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Public transit and depression among older adults: using agent-based models to examine plausible impacts of a free bus policy
  1. Yong Yang1,
  2. Brent A Langellier2,
  3. Ivana Stankov3,
  4. Jonathan Purtle2,
  5. Katherine L Nelson2,
  6. Erica Reinhard4,
  7. Frank J Van Lenthe5,
  8. Ana V Diez Roux3
  1. 1School of Public Health, University of Memphis, Memphis, Tennessee, USA
  2. 2Department of Health Management and Policy, Dornsife School of Public Health, Drexel University, Philadelphia, Pennsylvania, USA
  3. 3Urban Health Collaborative, Dornsife School of Public Health, Drexel University, Philadelphia, Pennsylvania, USA
  4. 4Department of Global Health and Social Medicine, School of Global Affairs, King’s College London, London, UK
  5. 5Department of Public Health, Erasmus University Medical Center, Rotterdam, Netherlands
  1. Correspondence to Yong Yang, School of Public Health, University of Memphis, Memphis, TN 38152, USA; Yyang15{at}memphis.edu

Abstract

Background Daily transport is associated with mental health. A free bus policy (FBP) may be effective in promoting the use of public transit in older adults and be associated with reductions in depressive symptoms.

Methods We developed an agent-based model and grounded it using empirical data from England to examine the impact of an FBP on public transit use and depression among older adults. We also used the model to explore whether the impact of the FBP bus use and depression is modified by the type of income segregation or by simultaneous efforts to improve attitudes towards the bus, to reduce waiting times or to increase the cost of driving via parking fees or fuel price.

Results Our model suggests that improving attitudes towards the bus (eg, campaigns that promote bus use) could enhance the effect of the FBP, especially for those in proximity to public transit. Reducing wait times could also significantly magnify FPB impacts, especially in those who live in proximity to public transit. Contrary to expectation, neither fuel costs nor parking fees significantly enhanced the impact of the FBP. The impact of improving attitudes towards the bus and increasing bus frequency was more pronounced in the lower-income groups in an income segregation scenario in which destination and public transit are denser in the city centre.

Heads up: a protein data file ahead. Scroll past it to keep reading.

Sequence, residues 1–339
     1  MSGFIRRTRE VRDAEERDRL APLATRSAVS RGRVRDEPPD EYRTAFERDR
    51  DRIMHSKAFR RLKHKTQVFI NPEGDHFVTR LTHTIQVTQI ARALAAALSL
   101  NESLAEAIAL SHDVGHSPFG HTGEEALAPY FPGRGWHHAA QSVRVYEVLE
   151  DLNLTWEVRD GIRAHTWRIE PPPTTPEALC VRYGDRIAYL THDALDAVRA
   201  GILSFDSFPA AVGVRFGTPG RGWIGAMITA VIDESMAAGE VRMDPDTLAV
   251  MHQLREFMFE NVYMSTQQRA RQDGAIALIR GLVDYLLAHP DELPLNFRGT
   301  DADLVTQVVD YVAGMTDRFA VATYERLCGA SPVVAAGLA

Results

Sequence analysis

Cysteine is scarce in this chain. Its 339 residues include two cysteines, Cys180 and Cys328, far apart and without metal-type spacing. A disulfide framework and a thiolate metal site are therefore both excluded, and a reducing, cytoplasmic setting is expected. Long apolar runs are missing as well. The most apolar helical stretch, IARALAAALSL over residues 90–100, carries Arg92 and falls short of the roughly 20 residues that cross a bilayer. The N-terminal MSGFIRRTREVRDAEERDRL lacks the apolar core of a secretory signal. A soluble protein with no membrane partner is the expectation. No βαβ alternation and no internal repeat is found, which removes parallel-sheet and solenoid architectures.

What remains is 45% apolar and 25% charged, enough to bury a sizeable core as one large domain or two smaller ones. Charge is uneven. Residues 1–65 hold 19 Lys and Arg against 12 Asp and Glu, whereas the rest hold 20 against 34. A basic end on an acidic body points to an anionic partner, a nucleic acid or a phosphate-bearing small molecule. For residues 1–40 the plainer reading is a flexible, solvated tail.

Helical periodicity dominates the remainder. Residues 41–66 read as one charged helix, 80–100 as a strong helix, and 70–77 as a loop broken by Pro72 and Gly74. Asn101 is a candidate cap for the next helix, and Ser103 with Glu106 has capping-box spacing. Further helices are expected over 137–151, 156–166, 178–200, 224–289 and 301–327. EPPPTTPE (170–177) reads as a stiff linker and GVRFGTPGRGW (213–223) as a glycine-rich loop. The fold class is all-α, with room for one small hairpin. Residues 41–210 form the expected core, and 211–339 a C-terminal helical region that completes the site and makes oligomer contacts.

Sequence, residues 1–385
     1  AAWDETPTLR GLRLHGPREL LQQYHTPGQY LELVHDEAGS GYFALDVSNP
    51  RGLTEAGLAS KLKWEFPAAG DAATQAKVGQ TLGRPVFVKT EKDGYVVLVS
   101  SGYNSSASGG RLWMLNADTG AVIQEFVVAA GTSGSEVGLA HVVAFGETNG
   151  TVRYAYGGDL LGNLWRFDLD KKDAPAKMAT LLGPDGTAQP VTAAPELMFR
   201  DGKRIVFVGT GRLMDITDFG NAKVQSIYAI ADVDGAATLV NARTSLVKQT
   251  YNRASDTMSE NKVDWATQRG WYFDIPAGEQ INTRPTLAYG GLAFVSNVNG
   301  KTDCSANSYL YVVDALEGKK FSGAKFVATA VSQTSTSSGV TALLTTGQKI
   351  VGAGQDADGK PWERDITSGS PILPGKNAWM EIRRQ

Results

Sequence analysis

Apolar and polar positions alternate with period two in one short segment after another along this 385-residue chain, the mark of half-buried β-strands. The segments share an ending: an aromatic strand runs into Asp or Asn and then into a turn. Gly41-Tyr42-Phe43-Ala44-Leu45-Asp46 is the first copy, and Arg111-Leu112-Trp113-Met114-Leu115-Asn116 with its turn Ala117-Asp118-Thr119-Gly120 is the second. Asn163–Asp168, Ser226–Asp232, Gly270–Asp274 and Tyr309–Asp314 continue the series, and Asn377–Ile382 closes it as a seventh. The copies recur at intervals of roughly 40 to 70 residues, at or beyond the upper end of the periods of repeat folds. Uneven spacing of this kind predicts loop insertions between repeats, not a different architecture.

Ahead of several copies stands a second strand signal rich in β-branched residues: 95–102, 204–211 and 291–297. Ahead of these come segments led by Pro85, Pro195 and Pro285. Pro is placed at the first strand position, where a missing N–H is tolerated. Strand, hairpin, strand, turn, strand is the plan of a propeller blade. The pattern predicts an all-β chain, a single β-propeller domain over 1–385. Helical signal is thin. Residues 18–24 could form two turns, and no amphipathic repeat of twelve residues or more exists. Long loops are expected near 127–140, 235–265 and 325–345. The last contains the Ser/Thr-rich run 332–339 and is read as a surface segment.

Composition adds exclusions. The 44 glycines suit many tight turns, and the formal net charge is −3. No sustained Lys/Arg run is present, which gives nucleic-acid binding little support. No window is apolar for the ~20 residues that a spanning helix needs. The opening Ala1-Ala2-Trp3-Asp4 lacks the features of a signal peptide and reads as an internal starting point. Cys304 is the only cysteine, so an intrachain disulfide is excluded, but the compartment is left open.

Conclusion Our results suggest that the beneficial mental health effects of an FBP for older adults can be magnified when combined with initiatives that reduce bus waiting times and increased spatial access to transit.

  • AGEING
  • CHILD HEALTH
  • ENVIRONMENTAL HEALTH
  • EXERCISE
  • GEOGRAPHY
  • DIET
  • Health inequalities
  • Epidemiological methods
  • HEALTH POLICY
  • POLICY
  • PUBLIC HEALTH POLICY
  • SOCIAL SCIENCE
  • ACCESS TO HEALTH CARE
  • PSYCHOSOCIAL FACTORS
  • MENTAL HEALTH
  • SOCIAL EPIDEMIOLOGY
  • EPIDEMIOLOGY
  • Epidemiology of ageing
  • METHODOLOGY
  • Neighbourhood/place
  • CHRONIC DI
  • INEQUALITIES
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Footnotes

  • Contributors YY designed and implemented the model, analysed the simulated results and drafted the paper. LB, SI, PJ, NK and AVDR contributed to model design. LB, SI, PJ, NK, AVDR, RE and FJVL contributed to paper writing.

  • Funding This study was supported by the European Union Horizon 2020 Programme (grant number 667661) (Promoting mental well-being in the ageing population: MINDMAP). The study does not necessarily reflect the Commission’s views and in no way anticipates the Commission’s future policy in this area.

  • Competing interests None declared.

  • Patient consent for publication Not required.

  • Data sharing statement All data relevant to the study are included in the article or uploaded as supplementary information.

  • Provenance and peer review Not commissioned; externally peer reviewed.

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